Hard Work Paying Off for New SGA President

WINTERVILLE—Still riding high from her acceptance into Pitt Community College’s Associate Degree Nursing program, Curtisia “Tee” Canady has been so busy of late that she hadn’t even realized her term as student body president was officially underway.

Canady, who will take her first nursing classes this fall, was elected president of the college’s Student Government Association (SGA) during the spring semester. The 19-year-old Greenville resident began her duties July 1 and will spend the 2019-20 academic year representing the interests of PCC’s student body as a non-voting member on the college’s Board of Trustees.

“I wanted to be an advocate for my fellow students,” Canady says. “There are times when students have problems but don’t know who to talk to about them. I want to be that person and give students, faculty and staff someone who will listen to their concerns and help get them addressed.”

Canady has already had a taste of student government service, having chaired SGA’s Special Events Committee during the 2018-19 academic year. She says she enjoyed the experience and the opportunity for networking it presented.

“It’s just so fun,” she says. “I’ve made a lot of friendships at PCC and with SGA students from other community colleges during conferences. Everybody has a story to tell and a different perspective. It gave me a chance to see how students at other community colleges address issues at their schools, and I can utilize that knowledge as PCC’s SGA president.”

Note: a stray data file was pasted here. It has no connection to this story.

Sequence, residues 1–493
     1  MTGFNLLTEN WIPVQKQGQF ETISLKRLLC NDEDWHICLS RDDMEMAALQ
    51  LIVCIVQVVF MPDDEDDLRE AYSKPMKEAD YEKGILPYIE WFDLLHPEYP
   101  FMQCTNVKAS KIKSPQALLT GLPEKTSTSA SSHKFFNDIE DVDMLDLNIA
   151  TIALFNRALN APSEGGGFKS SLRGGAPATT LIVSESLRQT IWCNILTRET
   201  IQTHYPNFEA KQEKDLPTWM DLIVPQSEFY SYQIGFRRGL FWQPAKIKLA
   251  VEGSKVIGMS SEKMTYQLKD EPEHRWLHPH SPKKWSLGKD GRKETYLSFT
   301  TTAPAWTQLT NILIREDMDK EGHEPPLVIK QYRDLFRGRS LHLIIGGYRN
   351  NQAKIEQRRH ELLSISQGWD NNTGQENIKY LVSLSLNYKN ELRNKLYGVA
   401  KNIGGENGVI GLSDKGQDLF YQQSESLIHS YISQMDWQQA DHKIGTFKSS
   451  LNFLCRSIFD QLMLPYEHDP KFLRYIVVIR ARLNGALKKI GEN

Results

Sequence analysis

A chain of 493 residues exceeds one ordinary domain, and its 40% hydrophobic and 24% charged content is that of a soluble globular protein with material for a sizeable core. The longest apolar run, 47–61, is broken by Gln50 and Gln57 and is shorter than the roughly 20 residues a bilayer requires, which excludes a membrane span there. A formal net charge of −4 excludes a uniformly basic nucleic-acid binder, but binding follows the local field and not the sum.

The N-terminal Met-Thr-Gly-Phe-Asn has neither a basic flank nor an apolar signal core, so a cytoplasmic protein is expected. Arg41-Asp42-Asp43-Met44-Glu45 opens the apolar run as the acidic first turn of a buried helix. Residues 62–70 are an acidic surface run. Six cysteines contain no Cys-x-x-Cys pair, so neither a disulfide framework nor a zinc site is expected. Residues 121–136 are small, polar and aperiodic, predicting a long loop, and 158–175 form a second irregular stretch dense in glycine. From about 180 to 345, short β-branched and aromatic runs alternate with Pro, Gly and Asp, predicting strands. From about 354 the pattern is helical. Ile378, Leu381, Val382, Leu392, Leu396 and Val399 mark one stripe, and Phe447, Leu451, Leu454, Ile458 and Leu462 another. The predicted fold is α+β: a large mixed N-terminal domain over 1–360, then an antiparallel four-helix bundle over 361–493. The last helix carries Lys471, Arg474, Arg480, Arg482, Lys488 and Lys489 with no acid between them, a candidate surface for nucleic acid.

A 2017 South Central High School graduate, Canady is making the most of her college experience. In addition to working with SGA, she’s a peer mentor with Pitt’s Bruiser’s Crew initiative.

“The goal with Bruiser’s Crew is to help first-year PCC students successfully transition into higher education,” Canady says. “We make sure they know about the support services available to them on campus, like tutoring, and give them someone to talk to when they have problems. We’re basically like a support system for freshmen.”

For Canady, peer mentoring is a way of paying it forward. Her introduction to PCC came through participation in the college’s VISIONS Career Development and Scholarship Program. She was accepted into the program as a high school junior and received personal and academic counseling from staff throughout her senior year. That support carried over to PCC, along with a scholarship, and continues to this day.

“VISIONS is like my second family,” she says. “They’ve been there for me every step of the way since I first got to campus. With VISIONS, I know I’ll always have someone at PCC I can lean and depend on when I need it.”

Canady says the life skills and study habits she developed through VISIONS participation were key to helping her complete the general education courses she needed to apply for admission to PCC’s highly-competitive nursing program.

“There have been a lot of late nights and weekends that I’ve spent studying, instead of going out with friends and having a good time,” she says. “College is hard work and requires sacrifices to be successful. It’s all been worth it, though; I feel like it’s made me a better person.”

Now that she’s been accepted into the nursing program, Canady is focused on making the most of what she feels is an opportunity to have a career treating people “physically, mentally and emotionally.” She says she wants to be a travel nurse upon completion of her studies.

“I don’t want to work in one specific hospital to help people,” she says. “People around the country—around the world, even—need help, so why restrict myself to just one place? I want to make a big impact.”